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6 ways to protect your mental health from social media's dangers

Have ‘detox’ periods

Schedule regular multi-day breaks from social media. 

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6 ways to protect your mental health from social media's dangers

6 ways to protect your mental health from social media's dangers

http://theconversation.com/6-ways-to-protect-your-mental-health-from-social-medias-dangers-117651

theconversation.com

6

Key Ideas

Limit social media

Using social media can interrupt and interfere with in-person communications

  • Commit to not checking social media during meals and when playing with children or talking with a partner. 
  • Make sure social media doesn’t interfere with work
  • Don’t keep your phone or computer in the bedroom – it disrupts your sleep.

Have ‘detox’ periods

Schedule regular multi-day breaks from social media. 

Pay attention to how you feel

Experiment with using your favorite online platforms at different times of day and for varying lengths of time, to see how you feel during and after each session.

You may find that a few short spurts help you feel better than spending 45 minutes exhaustively scrolling through a site’s feed. 

Approach social media mindfully

If you look at Twitter first thing in the morning, think about whether it’s to get informed about breaking news you’ll have to deal with – or if it’s a mindless habit that serves as an escape from facing the day ahead. 

Each time you reach for your phone (or computer) to check social media, answer the hard question: Why am I doing this now? Decide whether that’s what you want your life to be about.

Prune

Over time, you have likely accumulated many online friends and contacts, as well as people and organizations you follow. Some content is still interesting to you, but much of it might irrelevant. 

Unfollow, mute or hide contacts; the vast majority won’t notice. And your life will be better for it.

Social media as substitute

Make sure interactions on social media don’t become a substitute for talking face to face. 

When used thoughtfully and deliberately, social media can be a useful addition to your social life, but only a flesh-and-blood person sitting across from you can fulfill the basic human need for connection and belonging.

SIMILAR ARTICLES & IDEAS:

Limit your use of social media

Limit your use of social media

Commit to not checking social media during meals with family and friends, and when playing with children or talking with a partner. 

Make sure social media doesn’t interfere with ...

Have “detox” periods

Even a five-day or weeklong break from Facebook can lead to lower stress and higher life satisfaction

Publicly declare you are on a break. And delete the apps for your favorite social media services.

You can also cut back without going cold turkey: limit your use of social media to 10 minutes a day for three weeks and you'll see improvements in your mental health. 

Pay attention to how you use social media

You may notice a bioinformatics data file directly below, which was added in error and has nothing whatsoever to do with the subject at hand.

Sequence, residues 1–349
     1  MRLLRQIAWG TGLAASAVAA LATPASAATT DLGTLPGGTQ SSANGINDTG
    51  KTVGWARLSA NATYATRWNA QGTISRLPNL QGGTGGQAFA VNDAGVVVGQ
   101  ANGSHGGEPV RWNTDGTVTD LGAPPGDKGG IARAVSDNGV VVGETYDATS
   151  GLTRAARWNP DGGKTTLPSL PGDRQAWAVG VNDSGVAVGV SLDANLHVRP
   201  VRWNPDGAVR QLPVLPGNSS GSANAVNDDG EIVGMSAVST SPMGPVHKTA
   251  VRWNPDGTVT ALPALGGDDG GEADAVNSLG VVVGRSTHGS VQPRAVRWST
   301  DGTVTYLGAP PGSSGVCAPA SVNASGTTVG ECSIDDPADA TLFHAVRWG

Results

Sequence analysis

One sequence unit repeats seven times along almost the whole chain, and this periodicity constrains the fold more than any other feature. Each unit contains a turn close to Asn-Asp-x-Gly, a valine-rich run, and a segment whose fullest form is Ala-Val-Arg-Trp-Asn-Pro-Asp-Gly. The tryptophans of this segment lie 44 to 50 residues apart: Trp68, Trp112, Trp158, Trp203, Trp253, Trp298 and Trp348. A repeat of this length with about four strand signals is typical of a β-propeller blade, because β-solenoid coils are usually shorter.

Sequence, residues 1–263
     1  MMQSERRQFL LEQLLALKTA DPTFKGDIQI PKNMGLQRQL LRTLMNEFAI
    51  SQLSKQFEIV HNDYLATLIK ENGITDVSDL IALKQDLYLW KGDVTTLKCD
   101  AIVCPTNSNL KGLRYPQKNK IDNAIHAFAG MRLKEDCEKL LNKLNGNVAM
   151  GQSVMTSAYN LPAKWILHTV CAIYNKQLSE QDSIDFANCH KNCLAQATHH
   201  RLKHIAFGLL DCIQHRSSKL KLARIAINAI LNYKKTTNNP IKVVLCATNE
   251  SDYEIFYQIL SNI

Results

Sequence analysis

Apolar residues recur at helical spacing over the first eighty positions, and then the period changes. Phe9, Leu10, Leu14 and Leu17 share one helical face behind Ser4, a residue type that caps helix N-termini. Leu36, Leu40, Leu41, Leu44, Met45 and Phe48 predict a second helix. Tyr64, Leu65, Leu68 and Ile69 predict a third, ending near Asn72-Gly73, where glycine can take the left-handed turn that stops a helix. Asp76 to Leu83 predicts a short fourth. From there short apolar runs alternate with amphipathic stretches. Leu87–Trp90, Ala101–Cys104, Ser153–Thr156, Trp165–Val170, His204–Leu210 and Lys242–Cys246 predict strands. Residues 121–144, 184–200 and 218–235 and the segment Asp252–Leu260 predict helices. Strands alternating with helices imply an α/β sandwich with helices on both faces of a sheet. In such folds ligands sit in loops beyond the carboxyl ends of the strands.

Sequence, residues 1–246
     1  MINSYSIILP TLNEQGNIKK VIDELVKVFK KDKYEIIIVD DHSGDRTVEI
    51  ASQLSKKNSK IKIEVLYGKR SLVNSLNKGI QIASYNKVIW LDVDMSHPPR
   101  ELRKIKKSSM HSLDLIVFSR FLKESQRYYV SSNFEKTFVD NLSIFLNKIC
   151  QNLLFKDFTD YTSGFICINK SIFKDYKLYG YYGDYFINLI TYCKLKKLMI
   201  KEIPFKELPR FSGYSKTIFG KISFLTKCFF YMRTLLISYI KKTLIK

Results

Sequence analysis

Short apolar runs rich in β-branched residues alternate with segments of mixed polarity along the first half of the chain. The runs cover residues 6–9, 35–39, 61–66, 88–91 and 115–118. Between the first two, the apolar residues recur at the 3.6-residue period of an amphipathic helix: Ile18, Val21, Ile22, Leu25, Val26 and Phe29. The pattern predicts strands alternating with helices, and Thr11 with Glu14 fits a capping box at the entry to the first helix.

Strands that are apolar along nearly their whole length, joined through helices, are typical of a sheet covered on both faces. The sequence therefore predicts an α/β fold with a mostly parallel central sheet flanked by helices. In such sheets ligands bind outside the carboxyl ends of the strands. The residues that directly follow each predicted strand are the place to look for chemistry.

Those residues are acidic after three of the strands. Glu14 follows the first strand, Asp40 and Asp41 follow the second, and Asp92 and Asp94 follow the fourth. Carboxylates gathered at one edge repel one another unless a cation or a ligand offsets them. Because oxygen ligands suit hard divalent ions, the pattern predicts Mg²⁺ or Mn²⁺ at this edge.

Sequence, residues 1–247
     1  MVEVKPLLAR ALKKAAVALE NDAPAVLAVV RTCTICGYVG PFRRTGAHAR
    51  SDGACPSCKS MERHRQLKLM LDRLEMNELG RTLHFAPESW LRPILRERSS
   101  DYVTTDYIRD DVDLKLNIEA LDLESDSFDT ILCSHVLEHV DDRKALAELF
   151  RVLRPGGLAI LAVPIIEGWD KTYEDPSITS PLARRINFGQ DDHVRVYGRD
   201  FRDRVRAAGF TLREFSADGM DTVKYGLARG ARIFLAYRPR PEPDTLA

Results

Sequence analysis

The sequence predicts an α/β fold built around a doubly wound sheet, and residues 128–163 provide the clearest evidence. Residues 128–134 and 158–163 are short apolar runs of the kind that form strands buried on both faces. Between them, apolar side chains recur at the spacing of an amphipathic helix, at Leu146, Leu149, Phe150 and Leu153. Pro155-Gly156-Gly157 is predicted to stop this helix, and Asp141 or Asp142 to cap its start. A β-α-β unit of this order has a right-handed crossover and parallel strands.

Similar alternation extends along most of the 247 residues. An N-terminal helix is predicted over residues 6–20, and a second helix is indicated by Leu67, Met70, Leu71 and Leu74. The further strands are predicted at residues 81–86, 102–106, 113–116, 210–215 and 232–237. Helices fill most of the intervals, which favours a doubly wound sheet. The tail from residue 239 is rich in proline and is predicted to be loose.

Experiment with using your favorite online platforms at different times of day and for varying lengths of time, to see how you feel during and after each session. 

You may find that a few short spurts help you feel better than spending 45 minutes exhaustively scrolling through a site’s feed. 

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Social media

The rise of social media has meant that we as a global population are more connected than we have ever been in the history of time. 

...

Self-esteem

A study conducted by the University of Copenhagen found that many people suffer from “Facebook envy”, with those who abstained from using the popular site reporting that they felt more satisfied with their lives. 

Becoming more conscious of the amount of time you spend scrolling through other people’s online profiles could help you focus more on yourself and boost your self-confidence.

Human connection

It’s so important for us to be able to communicate and forge personal connections with one another. However, it can be hard to do so when we’re glued to rectangular screens, becoming more acquainted with our friends’ digital facades than their real-life personas.

A study published in the American Journal of Epidemiology that assessed 5,208 subjects found that overall, regular use of Facebook had a negative impact on an individual’s wellbeing. 

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It dismantles self-esteem

Many times, we get intimidated by the seemingly perfect pictures that people upload on social media or by their so-called perfect dates and relationships.

This ...

Fear of missing out

As our friends and family share pictures of all the good times they have on social media, we often end up feeling like we’re missing out on something important. 

This feeling is accompanied by social anxiety and low mood.

Sleep disruption

Social media keeps us awake, sometimes until late at night, causing us to have fewer hours of sleep.

Research indicates that people who have terrible sleeping cycles were 6% more likely to be depressed. 9% were more likely to be unhappy than those who had good sleeping habits.

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